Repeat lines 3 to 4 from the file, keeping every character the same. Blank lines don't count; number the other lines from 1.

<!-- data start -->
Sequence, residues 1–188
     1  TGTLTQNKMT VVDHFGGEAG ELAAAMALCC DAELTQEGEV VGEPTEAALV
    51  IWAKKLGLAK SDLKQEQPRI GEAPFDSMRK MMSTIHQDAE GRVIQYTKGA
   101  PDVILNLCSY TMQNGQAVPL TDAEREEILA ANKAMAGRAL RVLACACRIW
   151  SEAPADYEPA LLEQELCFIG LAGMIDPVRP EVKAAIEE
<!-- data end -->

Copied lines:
    51  IWAKKLGLAK SDLKQEQPRI GEAPFDSMRK MMSTIHQDAE GRVIQYTKGA
   101  PDVILNLCSY TMQNGQAVPL TDAEREEILA ANKAMAGRAL RVLACACRIW